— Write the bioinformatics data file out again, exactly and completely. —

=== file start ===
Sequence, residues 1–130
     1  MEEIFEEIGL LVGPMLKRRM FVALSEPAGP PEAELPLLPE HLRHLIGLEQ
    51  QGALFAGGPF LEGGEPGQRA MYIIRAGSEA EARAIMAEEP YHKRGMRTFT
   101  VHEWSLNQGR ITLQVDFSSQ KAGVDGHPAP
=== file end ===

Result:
Sequence, residues 1–130
     1  MEEIFEEIGL LVGPMLKRRM FVALSEPAGP PEAELPLLPE HLRHLIGLEQ
    51  QGALFAGGPF LEGGEPGQRA MYIIRAGSEA EARAIMAEEP YHKRGMRTFT
   101  VHEWSLNQGR ITLQVDFSSQ KAGVDGHPAP